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Courtesy of Mr. Thos. W. Lobb, Helston, Manitoba, Canada A team of Charolais (Hereford cross) oxen, thirteen months old, drawing a covered wagon. It is owned, trained and driven by Chas. Hamilton of Ochre River, Manitoba. He drove it in the parade ea
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A couple of gas tractors of ancient vintage - a Heider and a Twin City in parade.
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Courtesy of Mrs. Thos. W. Lobb, Helston, Manitoba, Canada The tail end of the parade with five steamers disappearing in the distance at Threshermen's Reunion.
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Courtesy of Mr. Thos. W. Lobb, Helston, Manitoba, Canada An Old's of ancient vintage in parade at Threshermen's Reunion at Austin with stick for steering, gas light and rubber horn at side. It was built and driven by the Krushels of Morden, Manitoba. A
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Courtesy of Mrs. Thos. W. Lobb, Helston, Manitoba, Canada A simple twin cylinder Rumely steam engine, 25-75 owned by Museum in parade every day at Threshermen's Reunion at Manitoba Agricultural Museum at Austin.
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Courtesy of Mrs. Thos. W. Lobb, Helston, Manitoba, Canada Our Auxiliary Float in the parade each day at Threshermen's Reunion.

Manitoba, Canada

The 14th Annual Threshermen’s Reunion was held July 31,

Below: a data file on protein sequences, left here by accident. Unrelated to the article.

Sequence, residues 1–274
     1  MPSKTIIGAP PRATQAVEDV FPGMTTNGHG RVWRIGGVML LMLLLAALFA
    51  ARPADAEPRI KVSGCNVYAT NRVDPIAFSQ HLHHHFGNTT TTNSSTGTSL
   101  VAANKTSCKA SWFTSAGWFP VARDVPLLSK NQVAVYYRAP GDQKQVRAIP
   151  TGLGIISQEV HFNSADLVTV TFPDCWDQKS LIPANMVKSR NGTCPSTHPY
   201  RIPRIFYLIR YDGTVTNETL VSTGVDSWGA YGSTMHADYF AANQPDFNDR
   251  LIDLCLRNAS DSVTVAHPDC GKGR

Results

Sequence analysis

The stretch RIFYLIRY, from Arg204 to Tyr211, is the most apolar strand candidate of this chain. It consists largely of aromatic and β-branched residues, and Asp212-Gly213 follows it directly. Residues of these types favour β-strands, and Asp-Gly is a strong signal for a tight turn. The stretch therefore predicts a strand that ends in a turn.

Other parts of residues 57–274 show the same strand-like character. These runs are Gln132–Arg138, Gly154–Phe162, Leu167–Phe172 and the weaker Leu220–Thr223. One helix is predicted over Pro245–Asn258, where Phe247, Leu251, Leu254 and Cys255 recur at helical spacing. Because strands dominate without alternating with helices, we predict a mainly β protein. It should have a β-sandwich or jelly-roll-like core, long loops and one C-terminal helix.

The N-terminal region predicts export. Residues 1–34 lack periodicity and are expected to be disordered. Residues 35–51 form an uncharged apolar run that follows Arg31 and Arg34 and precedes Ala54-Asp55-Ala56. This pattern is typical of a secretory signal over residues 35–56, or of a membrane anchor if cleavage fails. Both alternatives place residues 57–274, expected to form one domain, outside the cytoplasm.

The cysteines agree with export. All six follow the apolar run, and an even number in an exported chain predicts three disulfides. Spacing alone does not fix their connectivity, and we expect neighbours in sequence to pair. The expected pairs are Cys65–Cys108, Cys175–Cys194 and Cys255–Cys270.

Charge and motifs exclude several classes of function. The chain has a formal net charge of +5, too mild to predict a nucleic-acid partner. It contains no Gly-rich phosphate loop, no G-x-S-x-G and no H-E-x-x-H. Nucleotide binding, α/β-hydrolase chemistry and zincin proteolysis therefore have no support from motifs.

August 1, 2 and 3rd at the Museum Grounds at Austin, Manitoba,
Canada, which included the 7th Annual Central Manitoba Stampede on
the first two days of the Reunion.

This Reunion was marked by several ‘Mores’ – more steam
engines, more farm machinery, more gas engines, more units in the
Monster Parade and many more people from Manitoba, Ontario, Western
Provinces and U.S.A. which broke all previous attendance records. A
conservative estimate of 40,000 men, women and children flocked
into the grounds during the four days to view the many and varied

The Threshermen’s Reunion was officially opened on Friday,
August 2nd by Hon. Harry Enns, Minister of Agriculture for
Manitoba, followed immediately by the daily event of a Monster
Parade of 75 units which featured 8 riders on spirited horses,
carrying flags (Canadian, Manitoba, U.S.A., Union Jack and Red
Ensign). Then came the older cars, a Saxon, a Pontiac, a 1902 Olds
and a 1904 Cadillac. A float by the Museum Ladies Auxiliary
followed and then a team of year-old Charolais oxen, hitched to a
covered wagon, trained and driven by C. Hamilton of Ochre River,
Manitoba. A single horse hitched to a buggy was followed by the
largest selection of antique farm machinery east of Saskatoon,
Saskatchewan, Canada;

The oldest gas tractor in the parade was a 1897 Sawyer Massey
and other relics of the past included a 1910 Hart Parr, a 1904 Case
and a 1913 Pioneer. And in the steam section was a 1905 Case, a
1906 Rumely Steamer and many more. Other old time novel machinery
was a ‘bull-moose’stook loader, a Sunshine combine
manufactured in Australia and sold in Portage, Manitoba in the
early 20’s; a small 4-wheel drive tractor built by a local
Portage boy, from 12 parts of cars and capable of pulling 5 plows
and had a speed of 40 miles per hour.

Using steam power, threshing was done and also plowing (pulling
12 bottoms), sawing lumber, shingle mill and baker fan were all
operated at different times daily. Four horses on a two furrow gang
plow did plowing each day. There were threshing contests between
gas and steam engines using horses and racks to bring in the

Setting up contests were held for steam engines and separator
with a trophy awarded to the one setting up in the shortest time.
Jack Beamish of Hamiota, Manitoba won this trophy. Ramp climbing
was an exhibition of skill with a steam engine handled by D. Milne
of Makinak, Manitoba and D. Mundle of Bertie, Manitoba.

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